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Warrensburg and Johnson County provide a number of services for those who need help with housing, transportation, careers or food.

The Shiloh Missionary Baptist Church provides meals and distributes food through Harvesters. Call the church at (660) 747-5608 for information about meals. Food distribution is the first and third Saturday’s of the month from 10 a.m. to 1 p.m.; For information on the Women, Infants and Children program call (660) 747-2012; Missouri Valley Community Action Agency provides support services, (660) 886-7476; OATS transportation, (660) 827-2611; For mental health needs, Pathways Community Behavior Healthcare, (888) 403-1071 and Survival Adult Abuse Center for victims of domestic violence, (660) 429-1088 or (800) 846-7597.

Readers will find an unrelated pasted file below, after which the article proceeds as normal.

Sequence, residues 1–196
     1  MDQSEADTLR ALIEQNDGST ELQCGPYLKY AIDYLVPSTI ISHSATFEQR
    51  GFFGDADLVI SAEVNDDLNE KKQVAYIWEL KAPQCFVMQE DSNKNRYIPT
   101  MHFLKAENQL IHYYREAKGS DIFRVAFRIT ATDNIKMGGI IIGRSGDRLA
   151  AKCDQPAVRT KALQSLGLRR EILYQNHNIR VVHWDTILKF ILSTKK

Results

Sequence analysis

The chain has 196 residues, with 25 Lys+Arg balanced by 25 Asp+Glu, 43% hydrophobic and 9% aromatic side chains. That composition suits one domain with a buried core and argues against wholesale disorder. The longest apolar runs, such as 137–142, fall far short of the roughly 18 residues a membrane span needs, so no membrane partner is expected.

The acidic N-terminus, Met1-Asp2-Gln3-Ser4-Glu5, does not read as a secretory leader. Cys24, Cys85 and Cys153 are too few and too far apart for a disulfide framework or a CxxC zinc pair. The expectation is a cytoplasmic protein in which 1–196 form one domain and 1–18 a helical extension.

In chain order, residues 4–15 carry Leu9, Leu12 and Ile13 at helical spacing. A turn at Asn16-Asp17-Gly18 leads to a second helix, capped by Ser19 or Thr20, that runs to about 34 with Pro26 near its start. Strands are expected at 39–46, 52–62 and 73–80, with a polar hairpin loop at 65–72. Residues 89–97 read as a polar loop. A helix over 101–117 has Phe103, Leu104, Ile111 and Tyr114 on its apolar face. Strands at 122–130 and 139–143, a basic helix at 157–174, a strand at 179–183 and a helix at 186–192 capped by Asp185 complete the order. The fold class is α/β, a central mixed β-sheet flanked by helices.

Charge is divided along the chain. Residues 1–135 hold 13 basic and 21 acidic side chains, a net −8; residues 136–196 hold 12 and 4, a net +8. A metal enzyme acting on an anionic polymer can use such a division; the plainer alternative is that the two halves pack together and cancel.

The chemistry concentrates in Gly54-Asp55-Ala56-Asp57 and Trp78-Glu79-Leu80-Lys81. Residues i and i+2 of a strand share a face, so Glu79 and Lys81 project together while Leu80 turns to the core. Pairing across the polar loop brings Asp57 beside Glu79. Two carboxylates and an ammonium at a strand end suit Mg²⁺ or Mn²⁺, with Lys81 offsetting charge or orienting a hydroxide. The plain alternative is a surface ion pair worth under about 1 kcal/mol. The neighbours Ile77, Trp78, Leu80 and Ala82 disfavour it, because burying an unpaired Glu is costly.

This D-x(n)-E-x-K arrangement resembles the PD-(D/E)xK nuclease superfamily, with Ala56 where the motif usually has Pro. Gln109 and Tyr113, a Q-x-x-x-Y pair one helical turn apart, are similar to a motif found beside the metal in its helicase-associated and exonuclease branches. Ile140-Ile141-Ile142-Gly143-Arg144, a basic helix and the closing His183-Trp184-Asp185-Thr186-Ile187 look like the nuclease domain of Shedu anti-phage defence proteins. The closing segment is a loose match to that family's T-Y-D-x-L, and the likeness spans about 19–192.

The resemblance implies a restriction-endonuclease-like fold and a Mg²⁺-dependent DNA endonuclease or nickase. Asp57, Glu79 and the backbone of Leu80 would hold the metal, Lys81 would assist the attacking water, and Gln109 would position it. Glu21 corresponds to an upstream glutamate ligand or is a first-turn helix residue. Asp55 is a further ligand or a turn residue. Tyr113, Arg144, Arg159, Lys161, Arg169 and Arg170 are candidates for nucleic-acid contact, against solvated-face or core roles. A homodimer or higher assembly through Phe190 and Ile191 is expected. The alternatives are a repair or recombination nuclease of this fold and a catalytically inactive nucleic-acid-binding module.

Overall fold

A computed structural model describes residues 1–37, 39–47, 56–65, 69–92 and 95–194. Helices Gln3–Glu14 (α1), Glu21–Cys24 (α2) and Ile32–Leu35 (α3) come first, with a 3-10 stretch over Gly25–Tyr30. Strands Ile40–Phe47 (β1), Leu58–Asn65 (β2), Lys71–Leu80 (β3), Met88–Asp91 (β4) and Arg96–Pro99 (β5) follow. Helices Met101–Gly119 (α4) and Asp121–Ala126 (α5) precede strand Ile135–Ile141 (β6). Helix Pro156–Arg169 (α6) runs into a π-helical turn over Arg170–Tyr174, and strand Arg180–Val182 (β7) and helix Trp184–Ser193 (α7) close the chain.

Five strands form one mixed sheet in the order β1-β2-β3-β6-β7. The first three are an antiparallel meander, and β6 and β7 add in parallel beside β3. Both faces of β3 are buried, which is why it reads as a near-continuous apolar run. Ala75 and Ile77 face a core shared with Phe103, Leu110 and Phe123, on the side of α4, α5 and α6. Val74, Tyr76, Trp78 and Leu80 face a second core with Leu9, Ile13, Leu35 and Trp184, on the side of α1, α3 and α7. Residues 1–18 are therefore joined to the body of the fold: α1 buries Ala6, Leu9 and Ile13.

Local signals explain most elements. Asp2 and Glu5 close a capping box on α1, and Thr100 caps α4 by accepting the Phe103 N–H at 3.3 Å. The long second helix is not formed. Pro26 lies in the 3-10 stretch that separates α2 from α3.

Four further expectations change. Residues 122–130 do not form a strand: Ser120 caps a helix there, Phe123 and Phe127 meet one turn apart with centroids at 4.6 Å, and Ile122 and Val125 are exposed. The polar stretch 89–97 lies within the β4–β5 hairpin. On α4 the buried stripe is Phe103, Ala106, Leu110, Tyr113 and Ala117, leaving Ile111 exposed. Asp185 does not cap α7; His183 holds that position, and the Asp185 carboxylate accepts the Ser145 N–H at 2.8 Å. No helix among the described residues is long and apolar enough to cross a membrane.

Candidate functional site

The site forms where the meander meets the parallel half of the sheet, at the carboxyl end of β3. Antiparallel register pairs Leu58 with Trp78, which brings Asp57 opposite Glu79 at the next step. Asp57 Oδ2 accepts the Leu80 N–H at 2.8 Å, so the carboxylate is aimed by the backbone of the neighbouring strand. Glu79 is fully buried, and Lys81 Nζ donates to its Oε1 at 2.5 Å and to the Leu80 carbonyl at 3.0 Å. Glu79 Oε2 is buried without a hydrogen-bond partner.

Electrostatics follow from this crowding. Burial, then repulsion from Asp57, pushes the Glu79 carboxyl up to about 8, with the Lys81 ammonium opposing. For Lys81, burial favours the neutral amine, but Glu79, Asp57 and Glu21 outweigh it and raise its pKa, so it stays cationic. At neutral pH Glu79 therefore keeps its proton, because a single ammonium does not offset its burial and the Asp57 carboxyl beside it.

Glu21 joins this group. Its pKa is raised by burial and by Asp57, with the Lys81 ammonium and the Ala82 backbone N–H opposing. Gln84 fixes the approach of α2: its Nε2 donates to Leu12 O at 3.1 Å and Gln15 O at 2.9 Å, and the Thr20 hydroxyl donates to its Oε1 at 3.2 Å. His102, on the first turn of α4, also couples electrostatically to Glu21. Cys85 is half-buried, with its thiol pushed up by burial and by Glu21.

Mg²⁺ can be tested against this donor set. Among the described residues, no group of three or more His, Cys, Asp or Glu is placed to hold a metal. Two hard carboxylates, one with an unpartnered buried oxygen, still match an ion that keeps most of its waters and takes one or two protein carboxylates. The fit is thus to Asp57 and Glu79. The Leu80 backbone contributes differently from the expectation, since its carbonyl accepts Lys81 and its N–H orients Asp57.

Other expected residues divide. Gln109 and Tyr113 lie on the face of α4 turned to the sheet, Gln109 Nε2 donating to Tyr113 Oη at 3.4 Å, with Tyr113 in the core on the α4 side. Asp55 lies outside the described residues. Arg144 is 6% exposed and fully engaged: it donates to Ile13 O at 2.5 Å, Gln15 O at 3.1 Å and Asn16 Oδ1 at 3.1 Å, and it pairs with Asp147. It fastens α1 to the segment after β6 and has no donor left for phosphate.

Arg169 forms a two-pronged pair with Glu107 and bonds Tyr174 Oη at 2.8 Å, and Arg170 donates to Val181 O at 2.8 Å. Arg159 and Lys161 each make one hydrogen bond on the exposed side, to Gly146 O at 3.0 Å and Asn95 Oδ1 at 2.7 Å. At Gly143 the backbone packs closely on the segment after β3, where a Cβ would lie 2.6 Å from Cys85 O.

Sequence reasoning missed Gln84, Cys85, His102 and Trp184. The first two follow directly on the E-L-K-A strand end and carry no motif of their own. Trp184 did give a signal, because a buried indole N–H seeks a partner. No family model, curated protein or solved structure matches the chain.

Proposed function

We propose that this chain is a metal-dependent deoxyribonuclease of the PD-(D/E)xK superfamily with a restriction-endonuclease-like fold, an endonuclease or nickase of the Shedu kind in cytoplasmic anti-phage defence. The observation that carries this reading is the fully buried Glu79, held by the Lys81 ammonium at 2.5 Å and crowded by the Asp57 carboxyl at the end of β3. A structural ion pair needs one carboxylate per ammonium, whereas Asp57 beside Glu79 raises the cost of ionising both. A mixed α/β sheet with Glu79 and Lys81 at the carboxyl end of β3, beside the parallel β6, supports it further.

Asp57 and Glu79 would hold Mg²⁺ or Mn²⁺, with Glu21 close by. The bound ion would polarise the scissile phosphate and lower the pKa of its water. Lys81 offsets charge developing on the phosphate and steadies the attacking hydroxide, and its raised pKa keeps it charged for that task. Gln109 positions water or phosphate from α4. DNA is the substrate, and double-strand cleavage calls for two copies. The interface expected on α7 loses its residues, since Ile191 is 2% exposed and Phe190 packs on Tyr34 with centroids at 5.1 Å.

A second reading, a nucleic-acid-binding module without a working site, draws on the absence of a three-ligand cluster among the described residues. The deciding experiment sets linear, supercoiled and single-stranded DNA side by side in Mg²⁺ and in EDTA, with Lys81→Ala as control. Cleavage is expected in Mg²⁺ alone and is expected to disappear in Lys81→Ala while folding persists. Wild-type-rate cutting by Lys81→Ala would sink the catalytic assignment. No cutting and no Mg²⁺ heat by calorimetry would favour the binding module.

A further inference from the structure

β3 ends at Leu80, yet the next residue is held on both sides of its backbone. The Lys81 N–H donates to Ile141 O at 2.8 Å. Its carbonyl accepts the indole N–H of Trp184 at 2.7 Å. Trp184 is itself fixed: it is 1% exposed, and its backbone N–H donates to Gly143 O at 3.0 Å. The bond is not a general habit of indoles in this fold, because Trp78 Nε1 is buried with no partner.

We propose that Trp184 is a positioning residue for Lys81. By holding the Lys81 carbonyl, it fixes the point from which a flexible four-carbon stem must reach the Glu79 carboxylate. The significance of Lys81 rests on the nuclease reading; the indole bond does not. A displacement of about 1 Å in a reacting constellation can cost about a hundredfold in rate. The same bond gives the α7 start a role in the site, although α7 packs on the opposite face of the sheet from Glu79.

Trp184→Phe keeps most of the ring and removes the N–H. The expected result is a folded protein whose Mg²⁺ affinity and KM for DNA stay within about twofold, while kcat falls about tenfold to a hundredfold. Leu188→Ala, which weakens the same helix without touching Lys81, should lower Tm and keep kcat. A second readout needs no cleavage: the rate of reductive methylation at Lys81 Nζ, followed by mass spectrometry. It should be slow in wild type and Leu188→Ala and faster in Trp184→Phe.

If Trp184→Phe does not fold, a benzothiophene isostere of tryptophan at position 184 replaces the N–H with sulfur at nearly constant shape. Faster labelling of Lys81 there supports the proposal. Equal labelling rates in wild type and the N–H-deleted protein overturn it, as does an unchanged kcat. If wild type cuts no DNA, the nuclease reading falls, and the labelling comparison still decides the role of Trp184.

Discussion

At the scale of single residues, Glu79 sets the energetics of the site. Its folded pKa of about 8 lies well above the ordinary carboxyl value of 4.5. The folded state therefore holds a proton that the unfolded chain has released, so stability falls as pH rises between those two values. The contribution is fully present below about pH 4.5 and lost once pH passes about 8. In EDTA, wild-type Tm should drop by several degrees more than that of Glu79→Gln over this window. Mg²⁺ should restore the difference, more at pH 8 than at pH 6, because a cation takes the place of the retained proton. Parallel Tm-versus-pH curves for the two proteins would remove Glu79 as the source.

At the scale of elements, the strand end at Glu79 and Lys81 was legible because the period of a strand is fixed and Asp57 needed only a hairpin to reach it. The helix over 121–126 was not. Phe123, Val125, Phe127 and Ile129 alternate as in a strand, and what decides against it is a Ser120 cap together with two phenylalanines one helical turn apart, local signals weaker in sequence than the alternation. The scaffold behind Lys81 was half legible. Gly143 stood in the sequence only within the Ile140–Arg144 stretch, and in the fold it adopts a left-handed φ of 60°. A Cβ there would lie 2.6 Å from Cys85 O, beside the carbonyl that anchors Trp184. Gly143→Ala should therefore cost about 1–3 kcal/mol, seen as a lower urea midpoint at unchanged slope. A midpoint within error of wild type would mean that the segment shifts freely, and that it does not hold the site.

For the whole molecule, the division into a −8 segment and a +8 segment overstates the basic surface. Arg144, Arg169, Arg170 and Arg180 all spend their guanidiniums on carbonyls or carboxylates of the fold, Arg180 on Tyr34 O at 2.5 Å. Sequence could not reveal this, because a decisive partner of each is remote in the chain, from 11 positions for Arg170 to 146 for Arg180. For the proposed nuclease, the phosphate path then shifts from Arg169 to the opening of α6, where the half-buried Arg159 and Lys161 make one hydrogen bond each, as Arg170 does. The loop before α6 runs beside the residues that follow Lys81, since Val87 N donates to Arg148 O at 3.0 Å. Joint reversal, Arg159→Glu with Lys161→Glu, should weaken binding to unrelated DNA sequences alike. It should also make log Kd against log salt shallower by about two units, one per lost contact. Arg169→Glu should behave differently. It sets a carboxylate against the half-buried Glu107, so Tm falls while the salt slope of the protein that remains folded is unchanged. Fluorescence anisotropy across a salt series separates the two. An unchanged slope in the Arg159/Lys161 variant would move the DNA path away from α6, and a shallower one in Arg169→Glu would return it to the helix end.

Arts well represented throughout community

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Warrensburg – The visual and performing arts are well represented in Warrensburg through the mutual interest of town-and-gown leaders from the city and the campus.

“The city’s arts scene has coalesced based on city and University of Central Missouri leadership.

The city and university provide a calendar of events and museum displays that change regularly.

One reason for the diversity is the Warrensburg Arts Commission, led by Jeff Imboden, a musician who also directs UCM’s Performing Arts Series .

Commissioners bring public awareness of, accessibility to, participation in and support for arts and cultural activities in Warrensburg. The group meets at 7 p.m. every third Monday at City Hall.

• One art center is the UCM Gallery of Art & Design, directed by Christian Cutler. The gallery presents a variety of artwork – recent works having included blown glass, textile art and ceramics – to advance an appreciation for visual art.